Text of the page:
Planting Window Boxes for Shade

Window boxes can add charm and color to a home, and they're popular in urban areas where gardening space is limited.

Gardening author Cassandra Danz calls window boxes "the gardens of New York." She offers suggestions for planting a healthy and attractive window box that will thrive in the shade.



Window boxes add personality and color to a house or deck.

Make sure your container has drainage holes so water won't sit in the bottom of the box and rot the roots of your plants.

Cedar is a good choice for window-box planters because it lasts a long time and is naturally rot-resistant. To make your wooden window box last even longer, place a plastic window-box liner inside it – just make sure it has drainage holes too.
To create a beautiful design for your window box, you'll need plants of various heights: tall ones for the back, medium-height plants for the middle and something trailing in front.

Trailing plants: Good choices include ivy, ivy-leaved geranium and nasturtiums. Plant near the front of the window box so they can cascade over.

Plants for the middle of the box: Consider impatiens, primroses in the polyanthus group and Primula obconica, spotted deadnettle (Lamium maculatum), poor man's orchid (Schizanthus pinnatus) or holiday cactus (Schlumbergera). Choose selections with complementary colors.

Tall plants: Coleus, monkey flower (Mimulus x hybridus) and dusty miller (Senecio cineraria) would work well at the back of a window-box planting.

Fill the planter half-full of a good-quality potting mix. Add the plants, starting with the front and working your way to the back. Fill in around the root balls with soil, making sure that the tops of the roots are just barely below the soil surface. Planting too deeply may cause your plants to rot. Add a slow-release fertilizer such as Osmocote, and mix it into the soil surface.

Mount the planter securely in the desired location, and water well.

There are a variety of window boxes to choose from. Redwoods are attractive, but they tend to dry out quickly. Terra cotta window boxes keep the soil from drying out and hold salt and chemical deposits away from the soil. There are even self-watering window boxes available, with a hole in the side for water so you never need to water the soil. Plastic window boxes have the advantage of being the lightest to carry and install.

Keep Reading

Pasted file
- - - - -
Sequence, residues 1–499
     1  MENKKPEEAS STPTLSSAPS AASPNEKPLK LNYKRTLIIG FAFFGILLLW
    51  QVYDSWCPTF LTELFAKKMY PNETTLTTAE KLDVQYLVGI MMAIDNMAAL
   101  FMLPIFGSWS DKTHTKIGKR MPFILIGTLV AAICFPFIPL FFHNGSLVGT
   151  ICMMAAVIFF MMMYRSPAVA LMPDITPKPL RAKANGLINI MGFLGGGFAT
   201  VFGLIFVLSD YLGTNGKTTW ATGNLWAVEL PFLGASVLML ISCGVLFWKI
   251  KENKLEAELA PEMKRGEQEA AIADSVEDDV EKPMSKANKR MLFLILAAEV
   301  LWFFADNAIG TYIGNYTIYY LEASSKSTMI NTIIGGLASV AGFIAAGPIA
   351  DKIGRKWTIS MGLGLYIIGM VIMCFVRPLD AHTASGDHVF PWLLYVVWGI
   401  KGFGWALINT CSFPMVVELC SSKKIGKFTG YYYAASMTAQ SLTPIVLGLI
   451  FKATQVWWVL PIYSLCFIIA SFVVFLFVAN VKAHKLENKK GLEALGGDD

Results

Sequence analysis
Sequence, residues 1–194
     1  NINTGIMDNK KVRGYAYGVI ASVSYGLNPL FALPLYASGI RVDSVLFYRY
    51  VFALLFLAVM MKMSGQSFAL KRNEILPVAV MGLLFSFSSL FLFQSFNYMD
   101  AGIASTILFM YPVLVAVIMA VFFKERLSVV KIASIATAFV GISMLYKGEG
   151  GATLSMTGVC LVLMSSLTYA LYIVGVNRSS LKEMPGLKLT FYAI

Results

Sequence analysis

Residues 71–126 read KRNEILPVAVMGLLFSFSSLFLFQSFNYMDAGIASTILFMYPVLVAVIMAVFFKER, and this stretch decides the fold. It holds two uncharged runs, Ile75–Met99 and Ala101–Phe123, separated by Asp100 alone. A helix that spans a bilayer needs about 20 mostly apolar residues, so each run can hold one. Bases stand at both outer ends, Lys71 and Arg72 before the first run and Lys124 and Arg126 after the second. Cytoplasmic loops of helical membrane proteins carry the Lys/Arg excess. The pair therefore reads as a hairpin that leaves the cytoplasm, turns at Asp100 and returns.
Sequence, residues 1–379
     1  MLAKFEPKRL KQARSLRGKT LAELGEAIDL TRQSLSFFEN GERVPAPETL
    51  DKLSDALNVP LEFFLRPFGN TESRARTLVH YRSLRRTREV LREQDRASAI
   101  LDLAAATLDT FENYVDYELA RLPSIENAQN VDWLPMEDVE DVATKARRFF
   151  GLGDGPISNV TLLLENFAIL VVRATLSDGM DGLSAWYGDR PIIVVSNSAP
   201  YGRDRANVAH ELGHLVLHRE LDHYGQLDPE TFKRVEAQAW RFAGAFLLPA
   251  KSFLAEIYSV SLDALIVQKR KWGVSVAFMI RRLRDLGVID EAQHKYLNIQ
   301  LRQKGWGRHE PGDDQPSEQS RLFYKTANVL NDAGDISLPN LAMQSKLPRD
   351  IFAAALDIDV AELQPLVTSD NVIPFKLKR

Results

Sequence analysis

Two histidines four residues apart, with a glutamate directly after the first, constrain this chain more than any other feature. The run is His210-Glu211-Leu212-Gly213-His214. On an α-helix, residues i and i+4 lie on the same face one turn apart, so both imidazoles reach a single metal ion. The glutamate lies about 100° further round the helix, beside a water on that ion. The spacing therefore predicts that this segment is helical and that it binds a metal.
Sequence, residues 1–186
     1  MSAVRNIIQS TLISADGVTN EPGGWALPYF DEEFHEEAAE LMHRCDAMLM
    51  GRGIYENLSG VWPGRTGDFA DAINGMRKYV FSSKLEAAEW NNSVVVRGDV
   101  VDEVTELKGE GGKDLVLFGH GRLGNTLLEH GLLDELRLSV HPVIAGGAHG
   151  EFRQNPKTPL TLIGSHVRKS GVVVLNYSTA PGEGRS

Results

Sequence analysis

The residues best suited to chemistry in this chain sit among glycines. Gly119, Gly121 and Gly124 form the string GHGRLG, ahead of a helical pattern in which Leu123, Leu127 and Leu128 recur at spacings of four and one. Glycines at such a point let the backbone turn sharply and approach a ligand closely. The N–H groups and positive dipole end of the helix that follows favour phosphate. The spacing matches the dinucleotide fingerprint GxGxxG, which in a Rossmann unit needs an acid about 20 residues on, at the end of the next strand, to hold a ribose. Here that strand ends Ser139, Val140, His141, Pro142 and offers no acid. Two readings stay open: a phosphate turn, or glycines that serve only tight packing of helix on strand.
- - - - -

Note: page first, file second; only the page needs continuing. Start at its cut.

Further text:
Next Up

Shade Garden

A shady backyard doesn't have to be considered a problem area. A shade garden can add interest and color to an uninspired all-green canvas.

Shade-Tolerant Plants

Check out 11 shade-tolerant plants and the planting information for each zone.

Plant Varieties

Learn about 11 plant varieties and the planting information for each.

Shade-Loving Herbs

Consider growing these herbs that can make do on four or fewer hours of sun each day.

Plants for a Shade Garden

Check out annuals, perennials, groundcovers, shrubs and understory trees that are made for the shade garden.

Shade Gardening Tips

Tips on how to cultivate a shade garden.

10 Best Perennials for Shade

Looking for something to plant in that shady area of your garden? These perennials thrive without sunlight and add great garden color in beds, borders and containers.

Perennials That Love Shade

These 10 plants will add color to your shade garden and return year after year.

Plant Labels

You can learn a lot about a plant simply by studying its label.

Scrappy Little Plants to Grow Indoors for Food or Fun

Re-grow kitchen scraps to cut your grocery bills or make new houseplants.

Get Social With Us

We love to DIY. You love to DIY. Let's get together.

Consult Our A-Z Guide

Everything You Need to Know

Browse a full list of topics found on the site, from accessories to mudrooms to wreaths.  

How-To Advice and Videos

Get video instructions about kitchens, bathrooms, remodeling, flooring, painting and more.

Watch DIY Downloads Now

Watch DIY Network LIVE

Don't miss your favorite shows in real time online.